I recently looked at my high school yearbooks and they triggered thoughts about my high school years. I remember my freshman year of high school so clearly. Most people report feeling awkward and uncomfortable in their first year or two of high school, but mine were the best! I had a plethora of friends from my grade and also became close friends with some of the kids in the grades above me. We did everything together, from going to football games across the state to sleepovers most weekends. I felt different in my freshman and sophomore years: most of the time I felt like I belonged, especially as I was invited to parties, served on the student council, and met a kind-hearted, gentle boy who would become my high school boyfriend.
I tend to forget some of the sweet memories. Often, when I think of high school, I’m reminded of my horrendous senior year and my friends dropping me. I remember the summer before senior year, heading to a student council retreat with the other officers. We were good friends and had a lot of fun… If memory serves, we planned all the”initiatives” we would work on for the school year and we hung out on the University of New Mexico campus.
The rest of the memory is crystal clear. We had just returned from the planning session and it was a few days before the start of senior year. I was excitedly working on my college applications, studying for the SAT, and preparing for my AP classes. I called two of my best friends to ask if they wanted to meet up and they said they were too busy. Then, a day before school, I called again to make a plan for lunch the first day. One of the girls didn’t call me back and the other said she had things to do and couldn’t have lunch with me. What? My stomach dropped and I suddenly felt nauseas.You see, we had gone to lunch almost everyday for the past three years. I had a gut feeling that something was off. Rationalizing that they were doing their own applications or had family commitments, I decided to let it play out and talk at school the next day. When I approached them, they were distant and all but ignored me. A week passed and I felt lonely, sad, and confused. I just didn’t get what was happening. I felt punk’d.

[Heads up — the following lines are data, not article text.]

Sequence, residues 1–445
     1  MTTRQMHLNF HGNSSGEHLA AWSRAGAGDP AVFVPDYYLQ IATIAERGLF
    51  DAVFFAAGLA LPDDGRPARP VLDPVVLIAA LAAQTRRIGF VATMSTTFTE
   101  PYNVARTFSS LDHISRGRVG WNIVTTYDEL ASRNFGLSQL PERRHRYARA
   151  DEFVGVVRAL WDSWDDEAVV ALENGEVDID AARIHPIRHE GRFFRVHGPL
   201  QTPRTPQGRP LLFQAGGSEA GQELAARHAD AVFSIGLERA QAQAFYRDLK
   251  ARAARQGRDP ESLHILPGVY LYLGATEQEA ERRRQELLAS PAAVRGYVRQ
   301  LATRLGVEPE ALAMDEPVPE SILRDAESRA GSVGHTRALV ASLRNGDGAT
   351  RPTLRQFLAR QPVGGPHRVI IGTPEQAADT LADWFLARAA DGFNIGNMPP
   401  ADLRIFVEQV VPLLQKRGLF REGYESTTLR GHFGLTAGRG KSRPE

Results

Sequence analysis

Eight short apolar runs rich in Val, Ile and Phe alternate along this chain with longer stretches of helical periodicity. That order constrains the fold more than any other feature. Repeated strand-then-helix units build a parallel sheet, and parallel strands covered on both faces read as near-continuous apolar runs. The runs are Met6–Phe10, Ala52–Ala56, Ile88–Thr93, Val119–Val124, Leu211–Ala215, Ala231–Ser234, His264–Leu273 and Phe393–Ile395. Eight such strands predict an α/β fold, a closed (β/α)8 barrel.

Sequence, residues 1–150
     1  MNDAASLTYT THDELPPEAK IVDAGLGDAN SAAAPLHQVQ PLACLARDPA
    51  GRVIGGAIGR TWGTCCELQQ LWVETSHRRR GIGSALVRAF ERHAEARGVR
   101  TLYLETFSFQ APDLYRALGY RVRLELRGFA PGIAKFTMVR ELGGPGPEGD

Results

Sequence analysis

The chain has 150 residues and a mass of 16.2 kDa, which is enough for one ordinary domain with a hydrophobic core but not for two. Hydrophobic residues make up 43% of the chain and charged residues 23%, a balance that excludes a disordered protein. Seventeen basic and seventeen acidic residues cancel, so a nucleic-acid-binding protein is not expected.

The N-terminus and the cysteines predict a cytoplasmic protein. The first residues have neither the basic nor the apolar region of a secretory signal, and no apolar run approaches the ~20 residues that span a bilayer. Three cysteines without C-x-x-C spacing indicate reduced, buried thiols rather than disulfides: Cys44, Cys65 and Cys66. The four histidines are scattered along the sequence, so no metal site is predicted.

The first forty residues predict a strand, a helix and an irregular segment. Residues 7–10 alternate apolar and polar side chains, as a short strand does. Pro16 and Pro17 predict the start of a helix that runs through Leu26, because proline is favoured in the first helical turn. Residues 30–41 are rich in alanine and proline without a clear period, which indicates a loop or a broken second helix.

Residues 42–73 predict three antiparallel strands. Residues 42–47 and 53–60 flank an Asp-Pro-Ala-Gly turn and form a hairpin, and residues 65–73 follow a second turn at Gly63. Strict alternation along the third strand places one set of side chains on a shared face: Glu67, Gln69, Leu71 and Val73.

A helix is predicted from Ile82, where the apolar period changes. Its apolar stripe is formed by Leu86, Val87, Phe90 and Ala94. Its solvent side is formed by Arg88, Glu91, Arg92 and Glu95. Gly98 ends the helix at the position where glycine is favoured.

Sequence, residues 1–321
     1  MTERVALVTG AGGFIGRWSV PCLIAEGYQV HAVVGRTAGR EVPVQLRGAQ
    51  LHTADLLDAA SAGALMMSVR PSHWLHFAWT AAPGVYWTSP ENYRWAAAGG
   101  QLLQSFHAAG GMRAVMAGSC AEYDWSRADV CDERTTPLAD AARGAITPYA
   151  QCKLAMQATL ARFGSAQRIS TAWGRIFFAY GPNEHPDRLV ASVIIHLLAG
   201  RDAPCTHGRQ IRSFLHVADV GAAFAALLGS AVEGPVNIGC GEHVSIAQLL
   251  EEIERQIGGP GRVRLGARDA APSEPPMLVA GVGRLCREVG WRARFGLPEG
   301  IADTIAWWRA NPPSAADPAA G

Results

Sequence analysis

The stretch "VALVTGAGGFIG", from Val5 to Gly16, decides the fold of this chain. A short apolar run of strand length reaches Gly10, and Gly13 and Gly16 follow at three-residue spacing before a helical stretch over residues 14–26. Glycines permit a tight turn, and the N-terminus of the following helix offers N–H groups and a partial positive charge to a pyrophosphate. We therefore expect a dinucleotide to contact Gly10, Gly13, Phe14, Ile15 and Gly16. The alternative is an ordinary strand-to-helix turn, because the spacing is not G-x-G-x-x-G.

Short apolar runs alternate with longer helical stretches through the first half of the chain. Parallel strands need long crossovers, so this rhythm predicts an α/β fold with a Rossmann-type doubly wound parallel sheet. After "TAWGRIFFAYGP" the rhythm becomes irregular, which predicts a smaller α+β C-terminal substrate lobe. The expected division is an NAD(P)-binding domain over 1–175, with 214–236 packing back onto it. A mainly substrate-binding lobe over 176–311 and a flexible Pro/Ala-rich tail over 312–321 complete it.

I remember calling them again a couple weeks later and one of the girls pinned it on the other. I knew then that this was a joint decision and I was no longer in their club. She said I had “too many other friends and they didn’t want to be second best.” This felt crappy and so obscure to me. What? Why did they get to decide with whom I could be friends?
Initially, I thought it was my fault, that I should not have made friends with or gotten close to anyone else. I felt embarrassed because people would ask me why we didn’t spend as much noticeable time together, and I’d mumble that we all had our own things going on. I cried and whined to my parents about this situation, and felt extremely lonely. I most certainly didn’t expect THIS when it happened. I thought we’d be going into our senior year as the best of friends and create a lifetime of fun, positive memories together. Instead, we couldn’t have been more distant. I was sickened by their behavior and attitude toward me and friendship, in general.
I work with teenagers and hear about stories like this all the time, typically from the perspective of the girls who don’t know why their friends have dropped them unexpectedly. It’s the worst feeling. I tell them my story. Honestly, for a while, my senior year was pretty grim. I concentrated on my school work and continued to talk to my “other friends,” who proved to be really kind, loving people. I also eventually got closer with some new friends. One of my “best friends” and I repaired temporarily. I lost touch with the other one, though now we’re facebook friends and I see that she’s well.
This high school memory reminds me that relationships can change on a dime. Being removed from these particular people and the high school experience itself, I remember that we can’t control the outcomes or the motives of others. Rather, we can only work on ourselves and show up authentically, honestly, and do our best. Though much of my senior year sucked, I grew more independent and confident because of it.
I share this story because I know so many of you will be able to relate. I’m so glad I’m not there anymore. This is not a sob story. It’s a story of a memory and I know you have one, too.
Yesterday’s blog post was about Questioning Legality.
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